Positive Displacement Pumps
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Positive Displacement Pumps
Positive Displacement Pumps use rollers, gears, or impellers to move fluid into a fixed cavity so that when liquid exits, the vacuum that is created draws in more fluid. Positive displacement pumps are suitable for liquids with high viscosities and for applications that require high pressures. Typically, these self-priming devices are made of aluminum, brass or bronze, cast iron, plastic, or stainless steel. Positive displacement pumps are used in a variety of industrial, commercial, and municipal applications. For example, they are often used in the construction, maritime, mining, petrochemical, pulp and paper, and power generation industries.
Pumps that are rated for petrochemical and hydrocarbon applications are designed to move materials such as gasoline, kerosene, diesel oil, lubricating oil, paraffin wax, and asphalt. Pumps that can operate at 10,000 to 40,000 psi are used in surface preparation, the internal cleaning of pipes and heat exchangers, and concrete removal.Many types of positive displacement pumps are available. Bladder pumps are low-flow pneumatic devices used in sampling applications. Diaphragm and double-diaphragm pumps include suction and discharge check valves to prevent backflow.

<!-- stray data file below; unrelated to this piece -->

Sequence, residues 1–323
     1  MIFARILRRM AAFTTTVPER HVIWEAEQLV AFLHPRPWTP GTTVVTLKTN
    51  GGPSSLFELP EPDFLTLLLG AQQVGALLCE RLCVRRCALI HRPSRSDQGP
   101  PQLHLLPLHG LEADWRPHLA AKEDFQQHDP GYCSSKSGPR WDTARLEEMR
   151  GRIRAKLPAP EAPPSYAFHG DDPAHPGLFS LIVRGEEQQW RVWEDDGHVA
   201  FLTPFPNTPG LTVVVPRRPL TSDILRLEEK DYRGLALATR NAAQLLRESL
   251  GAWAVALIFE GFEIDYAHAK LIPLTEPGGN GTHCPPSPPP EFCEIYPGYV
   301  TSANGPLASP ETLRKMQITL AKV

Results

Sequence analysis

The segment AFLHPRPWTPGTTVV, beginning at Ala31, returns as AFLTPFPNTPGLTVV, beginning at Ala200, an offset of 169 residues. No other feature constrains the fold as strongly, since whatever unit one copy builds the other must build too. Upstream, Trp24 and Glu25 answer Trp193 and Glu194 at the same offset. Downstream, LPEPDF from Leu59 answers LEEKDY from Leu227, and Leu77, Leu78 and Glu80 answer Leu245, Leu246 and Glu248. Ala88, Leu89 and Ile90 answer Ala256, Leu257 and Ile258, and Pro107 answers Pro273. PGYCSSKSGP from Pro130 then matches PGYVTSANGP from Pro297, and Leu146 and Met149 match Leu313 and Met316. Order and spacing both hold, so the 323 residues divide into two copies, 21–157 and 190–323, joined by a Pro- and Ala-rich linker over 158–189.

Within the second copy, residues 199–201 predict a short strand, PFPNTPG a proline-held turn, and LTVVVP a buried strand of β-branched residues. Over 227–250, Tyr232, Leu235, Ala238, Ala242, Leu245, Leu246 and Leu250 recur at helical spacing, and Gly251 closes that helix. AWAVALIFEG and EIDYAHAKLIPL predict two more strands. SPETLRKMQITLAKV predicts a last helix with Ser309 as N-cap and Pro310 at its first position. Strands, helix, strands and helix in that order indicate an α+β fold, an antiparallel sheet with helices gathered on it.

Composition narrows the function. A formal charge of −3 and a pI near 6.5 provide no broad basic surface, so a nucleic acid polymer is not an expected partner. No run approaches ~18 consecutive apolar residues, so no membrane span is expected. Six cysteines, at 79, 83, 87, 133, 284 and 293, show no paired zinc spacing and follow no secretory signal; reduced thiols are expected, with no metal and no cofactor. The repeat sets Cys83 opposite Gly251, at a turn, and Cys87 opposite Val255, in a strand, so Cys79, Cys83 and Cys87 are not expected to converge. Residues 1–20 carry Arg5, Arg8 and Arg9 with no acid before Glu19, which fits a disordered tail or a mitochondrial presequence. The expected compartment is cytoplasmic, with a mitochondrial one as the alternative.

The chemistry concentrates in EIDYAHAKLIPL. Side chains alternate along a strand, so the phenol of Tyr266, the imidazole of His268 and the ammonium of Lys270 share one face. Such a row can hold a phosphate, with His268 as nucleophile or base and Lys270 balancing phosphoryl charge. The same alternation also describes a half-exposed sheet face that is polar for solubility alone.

Piston and plunger pumps use a plunger or piston to move media through a cylindrical chamber. Peristaltic pumps move media through a tube that is compressed at a number of points through contact with rollers or shoes. Gear pumps provide a more continuous, less pulsating flow than many other positive displacement pumps. Rotary lobe pumps are often used in food applications because of their ability to process solids. Grinder pumps shred solids, screw pumps transfer fluids along an axis, and well stimulation pumps are used to increase the production of wells. Progressive cavity pumps transfer fluid or media with suspended solids or slurries from the suction side of the pump to the discharge side of the pump from storage tanks or through pipelines.
Important specifications for positive displacement pumps include maximum discharge flow, maximum discharge pressure, inlet size, discharge size, and media temperature. Power sources include alternating current (AC), direct current (DC), compressed air, gasoline, diesel fuel, hydraulic systems, natural gas, water, steam, and solar energy. Pumps that do not include a power source typically provide a drive shaft for connection to a motor. Manually powered pumps rely upon hand or foot power.Positive displacement pumps are available with a variety of features. Adjustable speed pumps can operate at speeds selected by an operator. Continuous duty pumps maintain performance specifications at 100% duty cycle. Some positive displacement pumps are belt-driven, corrosion resistant, portable, or sanitary. Other devices are equipped with an analog or digital pressure gage.